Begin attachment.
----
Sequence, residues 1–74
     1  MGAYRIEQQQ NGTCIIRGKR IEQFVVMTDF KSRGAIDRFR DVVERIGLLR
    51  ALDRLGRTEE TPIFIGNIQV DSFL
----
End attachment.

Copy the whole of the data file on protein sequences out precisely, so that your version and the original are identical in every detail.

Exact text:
Sequence, residues 1–74
     1  MGAYRIEQQQ NGTCIIRGKR IEQFVVMTDF KSRGAIDRFR DVVERIGLLR
    51  ALDRLGRTEE TPIFIGNIQV DSFL